How to make your bike more comfortable

Published: 02 July 2016

It’s possible to adjust your bike so it fits you like a Savile Row suit. Here’s how you do it quickly and cheaply

he guy in the picture above is the extreme case – he’s on a bike that’s way too small for him. However, a few of our tweaks can give him full control and reasonable comfort. Most riders choose something better suited to their build, but they too will benefit from some fiddling.

 

Fit a seat pad

Some manufacturers offer gel seats as an option, or you can buy aftermarket ones that strap on top. These help to spread your weight  – try www.motorcyclegelseatpads.co.uk. Alternatively there are air cushions that work in a similar way – try www.bykebitz.co.uk.

There are also specialists who will cut away your seat to give shorter riders a more secure footing or build seats up with gel inside for taller riders.


Raise or lower your seat

On some bikes you can pull out the rubber stops under the seat to lower it slightly. If you need to raise it try using larger stops from another bike (try your local breaker). 


Adjust the suspension

Get yourself to a specialist like MCT (www.mctsuspension.com) who will twist and twiddle to get your bike feeling more plush. Preload, rebound and compression adjusters can all have an effect on the quality of your ride. Or have a go yourself, ensuring you note what you did so you can revert to the previous settings.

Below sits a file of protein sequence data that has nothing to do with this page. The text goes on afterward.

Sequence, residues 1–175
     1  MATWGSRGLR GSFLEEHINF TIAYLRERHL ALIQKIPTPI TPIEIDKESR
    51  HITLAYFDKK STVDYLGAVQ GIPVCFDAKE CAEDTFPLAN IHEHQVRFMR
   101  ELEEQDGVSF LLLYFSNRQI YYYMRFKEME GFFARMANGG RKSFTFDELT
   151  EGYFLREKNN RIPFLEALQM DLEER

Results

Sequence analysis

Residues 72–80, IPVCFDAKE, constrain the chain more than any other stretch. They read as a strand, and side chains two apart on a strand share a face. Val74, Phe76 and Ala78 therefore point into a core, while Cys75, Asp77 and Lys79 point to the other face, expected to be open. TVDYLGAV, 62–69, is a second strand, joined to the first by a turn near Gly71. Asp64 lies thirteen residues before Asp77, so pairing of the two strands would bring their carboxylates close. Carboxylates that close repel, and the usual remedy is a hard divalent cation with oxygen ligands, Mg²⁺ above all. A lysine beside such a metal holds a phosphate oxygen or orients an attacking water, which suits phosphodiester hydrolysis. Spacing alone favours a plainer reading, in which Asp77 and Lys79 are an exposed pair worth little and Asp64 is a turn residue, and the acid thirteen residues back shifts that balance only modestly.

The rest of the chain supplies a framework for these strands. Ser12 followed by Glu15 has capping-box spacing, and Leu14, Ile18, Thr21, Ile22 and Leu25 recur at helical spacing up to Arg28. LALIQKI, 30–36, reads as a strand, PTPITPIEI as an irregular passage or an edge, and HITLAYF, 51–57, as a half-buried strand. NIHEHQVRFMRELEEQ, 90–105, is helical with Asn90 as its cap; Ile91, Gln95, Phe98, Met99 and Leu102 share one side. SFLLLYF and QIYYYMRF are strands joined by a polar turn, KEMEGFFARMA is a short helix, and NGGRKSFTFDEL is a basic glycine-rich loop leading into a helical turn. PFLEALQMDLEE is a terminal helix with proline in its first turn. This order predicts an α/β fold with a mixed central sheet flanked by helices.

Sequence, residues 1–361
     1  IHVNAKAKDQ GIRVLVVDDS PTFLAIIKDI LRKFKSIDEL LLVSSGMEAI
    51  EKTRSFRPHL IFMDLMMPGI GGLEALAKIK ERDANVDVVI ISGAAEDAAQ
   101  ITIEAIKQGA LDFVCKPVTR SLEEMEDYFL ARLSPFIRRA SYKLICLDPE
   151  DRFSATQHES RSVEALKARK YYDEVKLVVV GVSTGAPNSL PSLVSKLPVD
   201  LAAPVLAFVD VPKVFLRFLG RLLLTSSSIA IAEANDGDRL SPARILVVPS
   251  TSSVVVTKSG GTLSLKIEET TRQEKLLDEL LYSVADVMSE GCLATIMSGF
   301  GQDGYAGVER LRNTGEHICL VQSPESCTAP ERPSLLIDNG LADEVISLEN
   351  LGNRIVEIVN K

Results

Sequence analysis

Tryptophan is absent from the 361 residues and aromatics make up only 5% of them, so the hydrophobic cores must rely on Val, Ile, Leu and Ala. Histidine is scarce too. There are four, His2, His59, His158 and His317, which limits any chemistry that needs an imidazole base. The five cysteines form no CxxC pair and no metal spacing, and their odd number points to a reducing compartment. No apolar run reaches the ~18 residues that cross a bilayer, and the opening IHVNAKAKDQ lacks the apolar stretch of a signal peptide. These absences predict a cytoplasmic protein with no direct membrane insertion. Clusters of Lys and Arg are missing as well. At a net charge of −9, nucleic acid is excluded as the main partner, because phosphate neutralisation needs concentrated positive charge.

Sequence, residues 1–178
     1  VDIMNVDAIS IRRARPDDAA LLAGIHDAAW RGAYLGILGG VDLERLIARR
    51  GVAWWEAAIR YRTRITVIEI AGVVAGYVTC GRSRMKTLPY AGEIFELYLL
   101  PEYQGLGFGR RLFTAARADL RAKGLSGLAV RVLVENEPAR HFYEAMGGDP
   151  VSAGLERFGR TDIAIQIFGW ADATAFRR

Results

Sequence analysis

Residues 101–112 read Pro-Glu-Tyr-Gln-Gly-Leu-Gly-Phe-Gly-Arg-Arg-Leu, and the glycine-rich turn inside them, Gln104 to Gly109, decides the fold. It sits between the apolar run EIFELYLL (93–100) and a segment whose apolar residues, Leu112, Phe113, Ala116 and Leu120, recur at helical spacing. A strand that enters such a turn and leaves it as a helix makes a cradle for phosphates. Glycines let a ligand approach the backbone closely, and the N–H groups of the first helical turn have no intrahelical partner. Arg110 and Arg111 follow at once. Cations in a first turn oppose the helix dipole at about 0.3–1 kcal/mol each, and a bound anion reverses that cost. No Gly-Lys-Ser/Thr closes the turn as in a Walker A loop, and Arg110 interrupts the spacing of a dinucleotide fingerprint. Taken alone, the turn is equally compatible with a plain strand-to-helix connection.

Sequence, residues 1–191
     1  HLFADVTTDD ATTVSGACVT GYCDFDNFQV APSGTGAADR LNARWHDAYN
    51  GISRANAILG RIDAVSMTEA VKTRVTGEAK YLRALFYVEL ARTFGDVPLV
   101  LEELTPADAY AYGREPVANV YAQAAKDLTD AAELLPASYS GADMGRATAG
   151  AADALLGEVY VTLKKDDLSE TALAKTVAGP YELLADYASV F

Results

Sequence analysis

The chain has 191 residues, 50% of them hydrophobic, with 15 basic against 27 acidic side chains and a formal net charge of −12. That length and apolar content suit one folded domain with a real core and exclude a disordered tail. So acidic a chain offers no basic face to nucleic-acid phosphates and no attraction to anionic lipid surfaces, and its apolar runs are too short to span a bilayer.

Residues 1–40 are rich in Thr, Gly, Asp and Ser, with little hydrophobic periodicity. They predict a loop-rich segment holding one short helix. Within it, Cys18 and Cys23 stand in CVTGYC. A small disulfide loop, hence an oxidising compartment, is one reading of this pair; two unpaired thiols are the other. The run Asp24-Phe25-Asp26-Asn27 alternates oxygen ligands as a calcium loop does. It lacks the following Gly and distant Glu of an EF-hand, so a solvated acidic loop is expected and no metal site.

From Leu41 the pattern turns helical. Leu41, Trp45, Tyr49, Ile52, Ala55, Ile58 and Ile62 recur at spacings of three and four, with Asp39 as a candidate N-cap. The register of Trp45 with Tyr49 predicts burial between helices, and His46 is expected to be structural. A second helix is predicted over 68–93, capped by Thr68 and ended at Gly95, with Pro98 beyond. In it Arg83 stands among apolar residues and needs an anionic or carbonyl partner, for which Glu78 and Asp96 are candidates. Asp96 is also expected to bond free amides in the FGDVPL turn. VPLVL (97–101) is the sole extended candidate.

Adjust your footrests and gear linkage

Aftermarket rearsets move your foot position higher for better ground clearance and some riders find this more comfortable. Others offer more than one position, allowing a more relaxed position too. Most gear levers have a rose-jointed rod between the lever and the gearbox. These can be undone and tailored to you. One of the rose joints will use a left-hand thread – be careful not to strip it.


Re-angle your brake pedal

Your rear brake lever can be adjusted a small amount by moving the arm up or down the brake cylinder threaded shaft. Check the brake isn’t binding on when you’re not pressing on the lever. And if your footrest rubbers are old or hard replace with new ones.

 

Fit adjustable clip-ons

If your bike has clip-ons they might offer adjustment, but most will have a locating lug to limit this. Aftermarket clip-ons offer more angles and some like Helibars (www.helibars.co.uk) can also give you more height.


Adjust the handlebars

If your bike has traditional handlebars then you should have some adjustment once you’ve loosened the top yoke clamps. Watch out for levers and hoses fouling on full lock.

 

Adjust your Levers for span

Most bikes offer lever span adjustment, so tailor them to your hands – an amazing number of riders don’t bother. If your bike doesn’t have any adjustment you can buy aftermarket levers – try www.harris-performance.com. If your clutch is cable operated make sure there’s 2-5mm of free play.

 

Adjust your lever angle

Most sportsbikes have their levers in a position that’s perfect if you spend your whole time riding in a racing crouch. Most of us don’t, so loosen the pinch bolts on the lever clamp, sit on the bike and tighten them in a better positon for you. Make sure once you’ve moved them that you can move the steering from left to right without fouling.

 

Fit a taller screen

There are dozens of different styles of screen so try to work out which one is best for you before you spend any money. Tape some cardboard to your standard screen to see how much bigger you’d like your screen to be.

Words Matt Hill  Photo John Noble